considerably in children, particularly neonates. It is

important to titrate the dose to the desired effect and

to monitor the child closely.



2.7.1 Inotropic

sympathomimetics



2.6.3 Other antianginal drugs

Classification not used in BNF for Children.



The cardiac stimulants dobutamine and dopamine act

on beta1 receptors in cardiac muscle and increase contractility with little effect on rate.



109



BNFC 2013–2014



2.7.1 Inotropic sympathomimetics



Dopamine has a variable, unpredictable, and dose

dependent impact on vascular tone. Low dose infusion

(2 micrograms/kg/minute) normally causes vasodilatation, but there is little evidence that this is clinically

beneficial; moderate doses increase myocardial contractility and cardiac output in older children, but in

neonates moderate doses may cause a reduction in

cardiac output. High doses cause vasoconstriction and

increase vascular resistance, and should therefore be

used with caution following cardiac surgery, or where

there is co-existing neonatal pulmonary hypertension.



Milrinone (section 2.1.2) has both inotropic and vasodilatory effects and can be used when vascular resistance is high. Alternatively, glyceryl trinitrate (2.6.1) or

sodium nitroprusside (on specialist advice only) (section 2.5.1.1) can be used to reduce vasoconstriction.



In neonates the response to inotropic sympathomimetics varies considerably, particularly in those

born prematurely; careful dose titration and monitoring

are necessary.

Isoprenaline injection is available from ‘special-order’

manufacturers or specialist importing companies, see

p. 823.



Shock Shock is a medical emergency associated with

a high mortality. The underlying causes of shock such as

haemorrhage, sepsis or myocardial insufficiency should

be corrected. Additional treatment is dependent on the

type of shock.



If the shock is resistant to volume expansion and

catecholamines, and there is suspected or proven adrenal insufficiency, low dose hydrocortisone (section

6.3.2) can be used. ACTH-stimulated plasma-cortisol

concentration should be measured; however, hydrocortisone can be started without such information.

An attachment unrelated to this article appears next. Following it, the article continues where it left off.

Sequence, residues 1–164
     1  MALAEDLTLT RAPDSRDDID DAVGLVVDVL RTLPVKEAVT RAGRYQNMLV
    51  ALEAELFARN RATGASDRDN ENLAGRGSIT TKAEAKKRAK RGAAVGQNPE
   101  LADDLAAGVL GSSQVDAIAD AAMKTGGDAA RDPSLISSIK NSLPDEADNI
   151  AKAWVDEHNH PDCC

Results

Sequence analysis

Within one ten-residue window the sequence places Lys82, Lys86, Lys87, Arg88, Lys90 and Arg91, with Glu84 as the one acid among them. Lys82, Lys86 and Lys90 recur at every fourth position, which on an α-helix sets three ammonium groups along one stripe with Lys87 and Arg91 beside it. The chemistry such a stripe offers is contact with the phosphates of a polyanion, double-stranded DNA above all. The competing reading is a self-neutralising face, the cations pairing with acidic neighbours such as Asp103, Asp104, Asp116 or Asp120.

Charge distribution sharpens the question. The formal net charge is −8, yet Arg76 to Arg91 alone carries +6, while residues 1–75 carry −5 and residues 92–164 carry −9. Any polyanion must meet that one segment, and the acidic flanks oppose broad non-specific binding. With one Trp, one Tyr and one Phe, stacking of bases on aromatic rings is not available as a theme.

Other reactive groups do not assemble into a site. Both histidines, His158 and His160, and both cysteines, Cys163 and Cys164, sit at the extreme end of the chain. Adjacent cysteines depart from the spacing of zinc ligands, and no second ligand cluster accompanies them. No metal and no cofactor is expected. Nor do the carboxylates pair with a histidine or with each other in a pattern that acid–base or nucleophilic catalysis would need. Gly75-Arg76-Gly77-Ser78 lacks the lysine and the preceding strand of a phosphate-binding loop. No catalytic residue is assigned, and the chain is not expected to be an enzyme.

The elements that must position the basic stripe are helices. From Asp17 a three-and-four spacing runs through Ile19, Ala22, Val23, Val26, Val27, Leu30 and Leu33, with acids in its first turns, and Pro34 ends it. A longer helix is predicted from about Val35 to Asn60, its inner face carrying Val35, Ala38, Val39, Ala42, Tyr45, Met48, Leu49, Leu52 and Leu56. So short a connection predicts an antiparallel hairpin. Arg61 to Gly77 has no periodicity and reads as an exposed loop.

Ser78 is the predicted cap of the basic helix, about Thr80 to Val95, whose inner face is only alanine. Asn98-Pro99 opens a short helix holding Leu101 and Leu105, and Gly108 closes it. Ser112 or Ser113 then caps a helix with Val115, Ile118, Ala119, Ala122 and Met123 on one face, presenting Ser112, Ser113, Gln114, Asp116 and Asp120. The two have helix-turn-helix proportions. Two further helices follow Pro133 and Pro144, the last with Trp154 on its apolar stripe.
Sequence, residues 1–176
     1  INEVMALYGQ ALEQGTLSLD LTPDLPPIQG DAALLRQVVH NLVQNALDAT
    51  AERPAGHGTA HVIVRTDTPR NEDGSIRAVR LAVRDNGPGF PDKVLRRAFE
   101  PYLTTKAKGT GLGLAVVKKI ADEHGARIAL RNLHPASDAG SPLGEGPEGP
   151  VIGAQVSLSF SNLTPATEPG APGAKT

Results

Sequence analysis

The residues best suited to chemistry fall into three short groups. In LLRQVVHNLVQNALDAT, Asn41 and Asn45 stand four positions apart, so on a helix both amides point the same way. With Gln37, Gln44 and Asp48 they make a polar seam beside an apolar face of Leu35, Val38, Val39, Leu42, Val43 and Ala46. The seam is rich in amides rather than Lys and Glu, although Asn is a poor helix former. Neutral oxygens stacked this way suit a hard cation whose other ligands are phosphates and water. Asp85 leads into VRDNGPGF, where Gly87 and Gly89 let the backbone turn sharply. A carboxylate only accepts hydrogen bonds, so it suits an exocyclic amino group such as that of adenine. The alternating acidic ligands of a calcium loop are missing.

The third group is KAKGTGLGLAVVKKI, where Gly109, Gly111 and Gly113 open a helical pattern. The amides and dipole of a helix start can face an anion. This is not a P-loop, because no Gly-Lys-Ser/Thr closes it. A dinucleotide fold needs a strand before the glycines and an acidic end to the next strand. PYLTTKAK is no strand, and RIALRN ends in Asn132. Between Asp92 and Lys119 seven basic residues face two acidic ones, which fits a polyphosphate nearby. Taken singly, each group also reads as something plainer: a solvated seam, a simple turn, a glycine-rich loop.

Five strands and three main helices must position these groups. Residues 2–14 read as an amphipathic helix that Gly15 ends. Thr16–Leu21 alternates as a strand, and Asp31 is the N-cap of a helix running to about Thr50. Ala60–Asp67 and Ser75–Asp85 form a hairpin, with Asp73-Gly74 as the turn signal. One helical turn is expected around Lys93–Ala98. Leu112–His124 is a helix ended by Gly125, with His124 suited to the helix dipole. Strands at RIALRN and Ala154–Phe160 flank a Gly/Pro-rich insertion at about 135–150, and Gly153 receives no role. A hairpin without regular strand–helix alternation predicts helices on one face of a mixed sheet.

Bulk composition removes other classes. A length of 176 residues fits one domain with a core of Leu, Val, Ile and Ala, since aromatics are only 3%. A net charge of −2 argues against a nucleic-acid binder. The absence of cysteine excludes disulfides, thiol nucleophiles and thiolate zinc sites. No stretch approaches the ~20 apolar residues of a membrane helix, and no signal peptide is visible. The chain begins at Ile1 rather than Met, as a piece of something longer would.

Alternatively, if the child is resistant to catecholamines,

and vascular resistance is low, vasopressin (section

6.5.2) can be added.

Neonatal septic shock can be complicated by the transition from fetal to neonatal circulation. Treatment to

reverse right ventricular failure, by decreasing pulmonary artery pressures, is commonly needed in neonates with fluid-refractory shock and persistent pulmonary hypertension of the newborn (section 2.5.1.2).

Rapid administration of fluid in neonates with patent

ductus arteriosus may cause left-to-right shunting and

congestive heart failure induced by ventricular overload.

In cardiogenic shock, the aim is to improve cardiac output and to reduce the afterload on the heart. If central

venous pressure is low, cautious volume expansion with

a colloid or crystalloid can be used. An inotrope such as

adrenaline (epinephrine) (section 2.7.2) or dopamine

should be given to increase cardiac output. Dobutamine is a peripheral vasodilator and is an alternative

if hypotension is not significant.



The use of sympathomimetic inotropes and vasoconstrictors should preferably be confined to the intensive care setting and undertaken with invasive haemodynamic monitoring.

For advice on the management of anaphylactic shock,

see section 3.4.3.



DOBUTAMINE

Cautions arrhythmias, acute myocardial infarction,

acute heart failure, severe hypotension, marked

obstruction of cardiac ejection (such as idiopathic

hypertrophic subaortic stenosis); correct hypovolaemia before starting treatment; tolerance may